I'll share experience. I've got a female relative--let's say it's a niece; I've known her all my life as I am much older, and she showed signs of narcissism before the self-harm.
She has been given various diagnoses, starting with bipolar (inaccurate), then borderline (accurate but not much help) and finally Narcissistic Personality Disorder.
Her kind of "self-harm" is a bit different than someone cutting themselves, which to my knowledge she's never done. Rather, she eats to extreme, then starves herself and weight trains, back up with weight, back down... That, though, is more in the past.
Next, she would bait boyfriends, first choosing those likely to be easily pushed, and do things like break into one's apartment at 2:00 am and be waiting in the dark--almost got her shot as a burglar.
She would incite men to mistreat her, then play victim, i.e. go as an exclusive boyfriend's date to a party of his friends, all his friends, and then dance on all fours, on the floor, like a dog--dressed provocatively, then complain that he didn't return the money she had lent him.
There are so many stories like this. It's as though usually she cannot come right out and cut herself, though she did spend time in a crisis house for a suicide attempt she wasn't fully committed to, i.e. she needs attention badly--and if acting "bad" will get that, she'll take the beatings, literally or figuratively.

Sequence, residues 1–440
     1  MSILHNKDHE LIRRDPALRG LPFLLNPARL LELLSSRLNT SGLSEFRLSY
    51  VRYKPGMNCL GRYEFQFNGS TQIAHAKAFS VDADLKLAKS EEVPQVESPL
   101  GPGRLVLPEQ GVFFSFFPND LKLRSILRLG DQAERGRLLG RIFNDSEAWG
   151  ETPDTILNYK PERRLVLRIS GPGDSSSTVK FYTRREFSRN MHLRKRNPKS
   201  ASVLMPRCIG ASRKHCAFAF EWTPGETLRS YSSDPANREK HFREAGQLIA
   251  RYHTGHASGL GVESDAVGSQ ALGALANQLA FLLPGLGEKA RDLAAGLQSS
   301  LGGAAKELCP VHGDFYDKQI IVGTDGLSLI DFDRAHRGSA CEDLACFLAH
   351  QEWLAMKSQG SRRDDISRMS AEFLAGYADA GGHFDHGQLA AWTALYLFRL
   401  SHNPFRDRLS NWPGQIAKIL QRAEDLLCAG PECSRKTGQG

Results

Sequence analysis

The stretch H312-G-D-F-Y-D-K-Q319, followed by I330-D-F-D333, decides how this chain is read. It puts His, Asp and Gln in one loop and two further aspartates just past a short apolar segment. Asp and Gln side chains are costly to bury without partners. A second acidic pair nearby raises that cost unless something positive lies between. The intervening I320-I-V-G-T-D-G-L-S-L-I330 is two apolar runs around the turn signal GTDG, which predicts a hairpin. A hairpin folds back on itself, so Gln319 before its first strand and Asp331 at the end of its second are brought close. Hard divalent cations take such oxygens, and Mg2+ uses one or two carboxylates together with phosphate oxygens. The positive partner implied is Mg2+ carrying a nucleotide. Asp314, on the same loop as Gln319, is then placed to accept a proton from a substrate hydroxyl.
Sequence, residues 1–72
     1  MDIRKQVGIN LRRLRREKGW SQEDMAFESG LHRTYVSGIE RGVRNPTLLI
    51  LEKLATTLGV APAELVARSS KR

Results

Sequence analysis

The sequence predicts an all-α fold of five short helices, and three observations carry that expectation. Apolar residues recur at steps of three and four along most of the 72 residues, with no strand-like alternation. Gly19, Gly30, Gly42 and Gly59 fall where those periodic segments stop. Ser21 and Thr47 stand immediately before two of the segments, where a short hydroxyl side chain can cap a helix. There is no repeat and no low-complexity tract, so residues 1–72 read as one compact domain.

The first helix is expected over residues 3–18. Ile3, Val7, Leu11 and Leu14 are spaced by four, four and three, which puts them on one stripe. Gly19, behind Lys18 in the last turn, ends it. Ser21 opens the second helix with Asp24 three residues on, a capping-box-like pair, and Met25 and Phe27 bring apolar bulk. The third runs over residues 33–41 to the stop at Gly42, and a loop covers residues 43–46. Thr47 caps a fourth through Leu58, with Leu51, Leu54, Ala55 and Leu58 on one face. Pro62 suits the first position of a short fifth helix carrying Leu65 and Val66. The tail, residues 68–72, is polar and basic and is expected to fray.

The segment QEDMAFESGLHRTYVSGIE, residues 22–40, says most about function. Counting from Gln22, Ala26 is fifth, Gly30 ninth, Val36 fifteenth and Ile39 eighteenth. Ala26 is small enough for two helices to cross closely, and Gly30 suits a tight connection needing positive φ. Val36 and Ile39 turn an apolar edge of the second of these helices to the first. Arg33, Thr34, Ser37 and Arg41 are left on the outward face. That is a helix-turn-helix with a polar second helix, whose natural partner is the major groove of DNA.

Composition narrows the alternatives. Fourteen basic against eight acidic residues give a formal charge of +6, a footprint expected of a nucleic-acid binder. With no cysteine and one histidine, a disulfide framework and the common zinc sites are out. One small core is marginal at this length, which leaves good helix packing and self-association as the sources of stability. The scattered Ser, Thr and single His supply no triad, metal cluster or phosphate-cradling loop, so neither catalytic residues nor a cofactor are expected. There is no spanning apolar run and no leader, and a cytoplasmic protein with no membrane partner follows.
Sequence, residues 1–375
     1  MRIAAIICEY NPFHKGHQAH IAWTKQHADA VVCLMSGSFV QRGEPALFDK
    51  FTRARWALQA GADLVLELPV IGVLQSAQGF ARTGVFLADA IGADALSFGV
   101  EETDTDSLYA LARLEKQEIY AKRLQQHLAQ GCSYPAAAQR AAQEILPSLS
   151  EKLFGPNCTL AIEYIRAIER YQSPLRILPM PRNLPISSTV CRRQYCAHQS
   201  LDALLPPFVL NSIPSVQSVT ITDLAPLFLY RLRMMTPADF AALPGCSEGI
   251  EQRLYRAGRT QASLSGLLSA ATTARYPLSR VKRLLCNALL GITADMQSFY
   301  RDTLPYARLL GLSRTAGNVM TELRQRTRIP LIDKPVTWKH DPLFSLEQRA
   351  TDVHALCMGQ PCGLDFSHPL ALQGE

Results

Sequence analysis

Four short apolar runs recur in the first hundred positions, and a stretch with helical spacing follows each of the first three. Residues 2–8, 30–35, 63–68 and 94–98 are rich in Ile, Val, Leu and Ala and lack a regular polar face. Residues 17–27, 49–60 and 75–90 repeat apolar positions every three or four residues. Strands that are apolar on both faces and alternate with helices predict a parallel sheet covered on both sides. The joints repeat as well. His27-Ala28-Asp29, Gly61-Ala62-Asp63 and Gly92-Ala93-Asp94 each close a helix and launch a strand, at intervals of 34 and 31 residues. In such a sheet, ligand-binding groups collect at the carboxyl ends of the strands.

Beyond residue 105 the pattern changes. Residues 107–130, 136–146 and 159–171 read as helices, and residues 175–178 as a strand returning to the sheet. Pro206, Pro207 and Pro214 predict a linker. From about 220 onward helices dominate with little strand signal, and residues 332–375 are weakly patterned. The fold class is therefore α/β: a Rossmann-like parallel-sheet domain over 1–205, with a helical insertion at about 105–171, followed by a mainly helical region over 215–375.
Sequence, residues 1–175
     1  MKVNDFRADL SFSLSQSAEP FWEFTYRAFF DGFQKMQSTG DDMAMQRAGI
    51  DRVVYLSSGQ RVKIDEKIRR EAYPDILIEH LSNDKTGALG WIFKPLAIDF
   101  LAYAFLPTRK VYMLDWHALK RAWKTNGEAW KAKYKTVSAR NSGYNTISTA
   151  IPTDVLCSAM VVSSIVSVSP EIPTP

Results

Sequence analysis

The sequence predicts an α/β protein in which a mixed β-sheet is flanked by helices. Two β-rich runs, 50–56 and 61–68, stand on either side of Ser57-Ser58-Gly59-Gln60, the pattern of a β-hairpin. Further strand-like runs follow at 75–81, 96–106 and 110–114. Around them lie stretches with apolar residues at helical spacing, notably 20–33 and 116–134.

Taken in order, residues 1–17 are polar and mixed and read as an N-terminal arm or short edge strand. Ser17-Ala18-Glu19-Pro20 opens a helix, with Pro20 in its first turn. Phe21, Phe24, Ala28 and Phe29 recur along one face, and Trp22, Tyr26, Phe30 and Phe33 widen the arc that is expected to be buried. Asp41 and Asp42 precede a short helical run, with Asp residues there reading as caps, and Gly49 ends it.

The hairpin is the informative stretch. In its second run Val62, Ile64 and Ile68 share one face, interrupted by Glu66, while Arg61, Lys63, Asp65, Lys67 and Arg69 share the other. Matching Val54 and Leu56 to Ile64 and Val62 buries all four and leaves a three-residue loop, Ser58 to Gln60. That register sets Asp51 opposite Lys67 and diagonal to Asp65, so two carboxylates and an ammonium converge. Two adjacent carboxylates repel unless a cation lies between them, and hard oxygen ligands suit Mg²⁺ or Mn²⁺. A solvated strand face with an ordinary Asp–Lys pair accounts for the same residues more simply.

I know her history enough to say she was deprived of affection, slapped in the face for saying words she didn't understand like "sucker bite" and otherwise treated as just a pretty thing, i.e. nothing else to offer; not allowed or encouraged to be the best, more than a body and face.
Yes is the answer, yet underlying the question is something more profound, and to me, important:
How to help; who will see someone like this deep enough to find the little girl who needed to be respected, protected and loved... rather than treated as a thing to be valued for surface attractiveness.
She harbors, clearly, a lot of self-hatred, which she takes out on others at least as much as she takes out on herself.
I think of the Loving Friendliness Exercise: "May she be well, happy and peaceful. May no harm come to her. May she meet with spiritual success..."
That quote is from the book, Mindfulness in Plain English.
She has no true interest in therapy; in meditation; in any kind of help. Deep inside she doesn't feel worthy of it. I hope one day she can reach inside and come up with enough true self-love to begin untangling the twisted messages she received and internalized.